During the recording process the only thing being listened to was the new material, but leading up to it there were a lot of things we took influence from. Definitely some European bands, but maybe not what you might expect. Soul Reaper, Akercocke, Nephasth (who are Brazilian). We did a tour with Wayfarer while we were writing for the album, so their stuff was in my mind at times. I really admire the playing of Trey Azagthoth and John Christ and spent some long stints listening to them. I know Nolan (vocals, guitars) was really working on his chops watching Jeff Loomis and Michael Angelo Batio videos. Alex (bass) was working on a lot of stuff by Virus and Stargazer for a while. There was some watching of live Primordial videos and listening to [Satyricon’s] Rebel Extravaganza — it’s such an incredible album, and I don’t think I really appreciated it at the time.

While some black metal can, of course, be overblown for the sake of being overblown, Anicon seems to focus more on being technically sound. What inspires you to deliver darkness and brutality within the composition of the music itself, rather than grandiose aesthetics or personas?

We just don’t have much interest in that kind of representation — I rarely find it to be sincere and more often than not it’s predictable and uninteresting, often accompanying weak riffs. Of course this isn’t a rule, but we would personally rather work on our music than our costumes. That’s not intended to sound divisive, we just don’t give a shit about that stuff.

Being that you guys are from the biggest city in the U.S. and probably see a lot of bands come through Saint Vitus, how would you describe USBM at the moment, and where do you consider your place to be in it all?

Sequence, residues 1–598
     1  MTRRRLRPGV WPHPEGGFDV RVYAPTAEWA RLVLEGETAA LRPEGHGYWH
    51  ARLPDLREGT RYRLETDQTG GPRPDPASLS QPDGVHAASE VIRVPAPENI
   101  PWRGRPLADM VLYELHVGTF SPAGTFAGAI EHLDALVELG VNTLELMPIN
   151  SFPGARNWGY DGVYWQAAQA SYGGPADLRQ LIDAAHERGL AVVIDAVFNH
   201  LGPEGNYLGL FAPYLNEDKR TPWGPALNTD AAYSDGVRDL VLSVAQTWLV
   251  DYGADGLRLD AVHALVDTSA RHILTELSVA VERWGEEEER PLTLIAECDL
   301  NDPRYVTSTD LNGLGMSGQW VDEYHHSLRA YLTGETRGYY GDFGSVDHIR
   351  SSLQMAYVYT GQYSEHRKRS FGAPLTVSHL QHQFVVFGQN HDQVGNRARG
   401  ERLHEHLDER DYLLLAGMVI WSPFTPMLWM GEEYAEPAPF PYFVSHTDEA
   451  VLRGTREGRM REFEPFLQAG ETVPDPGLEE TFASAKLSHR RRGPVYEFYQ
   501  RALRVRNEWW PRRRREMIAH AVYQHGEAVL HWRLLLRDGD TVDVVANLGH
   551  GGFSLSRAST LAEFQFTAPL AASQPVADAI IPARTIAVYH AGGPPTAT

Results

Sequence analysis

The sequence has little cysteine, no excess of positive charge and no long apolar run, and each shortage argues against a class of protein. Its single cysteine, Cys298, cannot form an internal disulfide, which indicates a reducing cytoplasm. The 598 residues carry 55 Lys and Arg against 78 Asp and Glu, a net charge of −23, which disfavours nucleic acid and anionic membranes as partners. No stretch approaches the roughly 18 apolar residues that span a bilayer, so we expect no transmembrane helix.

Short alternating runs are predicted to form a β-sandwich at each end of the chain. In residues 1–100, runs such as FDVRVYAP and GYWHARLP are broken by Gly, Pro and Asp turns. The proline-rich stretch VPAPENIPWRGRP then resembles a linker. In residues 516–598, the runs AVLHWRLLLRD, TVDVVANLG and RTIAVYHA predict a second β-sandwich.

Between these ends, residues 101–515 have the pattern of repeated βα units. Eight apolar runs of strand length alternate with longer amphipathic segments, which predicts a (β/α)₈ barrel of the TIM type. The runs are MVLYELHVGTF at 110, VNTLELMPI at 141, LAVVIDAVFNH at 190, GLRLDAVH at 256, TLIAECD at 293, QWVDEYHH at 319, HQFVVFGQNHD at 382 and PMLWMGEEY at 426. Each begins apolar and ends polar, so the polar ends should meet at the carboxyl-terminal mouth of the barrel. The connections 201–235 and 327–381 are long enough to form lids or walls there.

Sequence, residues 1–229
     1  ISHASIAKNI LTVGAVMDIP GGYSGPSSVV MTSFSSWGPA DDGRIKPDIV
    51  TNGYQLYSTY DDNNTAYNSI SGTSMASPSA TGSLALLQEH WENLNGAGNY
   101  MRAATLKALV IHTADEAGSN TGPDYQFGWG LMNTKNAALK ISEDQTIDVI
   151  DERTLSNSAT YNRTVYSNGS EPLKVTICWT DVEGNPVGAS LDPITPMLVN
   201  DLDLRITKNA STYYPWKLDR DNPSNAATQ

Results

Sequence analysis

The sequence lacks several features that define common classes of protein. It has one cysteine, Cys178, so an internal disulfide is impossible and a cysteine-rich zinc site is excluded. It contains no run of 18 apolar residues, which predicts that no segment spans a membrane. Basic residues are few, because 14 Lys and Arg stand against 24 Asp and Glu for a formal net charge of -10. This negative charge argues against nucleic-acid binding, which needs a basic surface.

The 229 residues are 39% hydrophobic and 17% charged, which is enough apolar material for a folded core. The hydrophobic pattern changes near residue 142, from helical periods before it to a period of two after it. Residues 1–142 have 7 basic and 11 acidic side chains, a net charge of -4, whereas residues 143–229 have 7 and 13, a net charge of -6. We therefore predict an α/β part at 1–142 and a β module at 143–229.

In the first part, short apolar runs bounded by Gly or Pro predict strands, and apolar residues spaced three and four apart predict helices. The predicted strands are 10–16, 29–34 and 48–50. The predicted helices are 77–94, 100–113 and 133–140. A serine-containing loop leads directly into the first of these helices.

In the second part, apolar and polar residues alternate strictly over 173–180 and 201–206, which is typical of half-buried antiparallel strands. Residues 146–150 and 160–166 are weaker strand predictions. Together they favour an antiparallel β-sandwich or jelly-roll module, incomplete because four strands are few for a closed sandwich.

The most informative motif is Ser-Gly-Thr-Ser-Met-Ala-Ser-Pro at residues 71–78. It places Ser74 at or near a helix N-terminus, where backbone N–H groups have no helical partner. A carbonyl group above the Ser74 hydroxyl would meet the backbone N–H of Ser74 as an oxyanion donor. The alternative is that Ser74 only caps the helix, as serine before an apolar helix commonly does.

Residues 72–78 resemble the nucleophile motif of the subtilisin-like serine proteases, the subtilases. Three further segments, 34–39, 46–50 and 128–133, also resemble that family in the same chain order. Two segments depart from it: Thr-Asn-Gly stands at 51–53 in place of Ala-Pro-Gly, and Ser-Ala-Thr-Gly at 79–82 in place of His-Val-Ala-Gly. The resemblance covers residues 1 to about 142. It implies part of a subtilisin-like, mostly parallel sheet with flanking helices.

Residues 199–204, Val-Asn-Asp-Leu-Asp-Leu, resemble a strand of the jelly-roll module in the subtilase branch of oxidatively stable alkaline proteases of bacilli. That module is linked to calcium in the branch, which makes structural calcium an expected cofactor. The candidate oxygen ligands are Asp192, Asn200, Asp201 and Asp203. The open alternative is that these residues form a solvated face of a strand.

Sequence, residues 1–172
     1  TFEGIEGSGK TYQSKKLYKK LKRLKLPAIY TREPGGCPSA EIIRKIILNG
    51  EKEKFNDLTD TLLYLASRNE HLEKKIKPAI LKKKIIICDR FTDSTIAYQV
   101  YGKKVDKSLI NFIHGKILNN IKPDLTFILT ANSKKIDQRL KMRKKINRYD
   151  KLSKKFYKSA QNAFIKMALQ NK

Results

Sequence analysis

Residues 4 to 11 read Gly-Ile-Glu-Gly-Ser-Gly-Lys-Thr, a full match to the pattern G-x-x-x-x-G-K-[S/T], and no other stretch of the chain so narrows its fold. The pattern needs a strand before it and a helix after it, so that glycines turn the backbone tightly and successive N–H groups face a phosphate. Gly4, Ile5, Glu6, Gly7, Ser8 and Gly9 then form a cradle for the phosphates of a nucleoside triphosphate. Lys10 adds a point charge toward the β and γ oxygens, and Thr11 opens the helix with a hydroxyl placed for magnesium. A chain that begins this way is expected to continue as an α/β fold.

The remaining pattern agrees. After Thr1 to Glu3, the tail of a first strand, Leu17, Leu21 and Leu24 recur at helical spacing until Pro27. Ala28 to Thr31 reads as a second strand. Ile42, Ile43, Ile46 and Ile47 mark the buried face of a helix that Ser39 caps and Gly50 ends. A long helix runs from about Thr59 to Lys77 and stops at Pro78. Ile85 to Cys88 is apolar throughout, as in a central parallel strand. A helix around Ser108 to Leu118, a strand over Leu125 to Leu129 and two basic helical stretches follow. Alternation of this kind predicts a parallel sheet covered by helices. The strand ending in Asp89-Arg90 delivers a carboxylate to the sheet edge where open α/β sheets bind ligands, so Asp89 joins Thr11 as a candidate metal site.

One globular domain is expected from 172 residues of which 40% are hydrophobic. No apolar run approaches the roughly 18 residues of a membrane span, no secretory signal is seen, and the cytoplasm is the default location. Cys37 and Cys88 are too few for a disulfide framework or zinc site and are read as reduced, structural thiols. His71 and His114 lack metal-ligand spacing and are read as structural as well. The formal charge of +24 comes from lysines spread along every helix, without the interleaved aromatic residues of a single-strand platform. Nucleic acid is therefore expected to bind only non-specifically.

There are a lot of shows coming through here, but I’m not sure I can really paint an overarching theme to American black metal. It’s such a massive, diverse country that we live in. I guess the biggest trend I see is a blurring of genre boundaries and a general openness of dialogue surrounding bands. Part of that likely has to do with social media and a level of access that people wouldn’t have had, say, 10 or 15 years ago. That’s maybe also contributed to a bit of an erosion of regional sounds but has also probably provided influence and direction to people that might not have had it otherwise. I don’t think any of us really consider our place in it, we just try and write the music we want to hear and play.

Summer plans! What do you guys have booked?

We’re all so active with so many projects it takes a bit of planning for us to put together a tour and we’re pretty selective about what shows we’re willing to play as a result. We will be performing Entropy Mantra in its entirety on July 11 at Brooklyn Bazaar as part of a really excellent lineup. We’re all looking forward to that. It’s also looking like we may be leaving the continent for the first time later this year.

Entropy Mantra releases on June 19 via Vendetta Records. Follow Anicon on Facebook.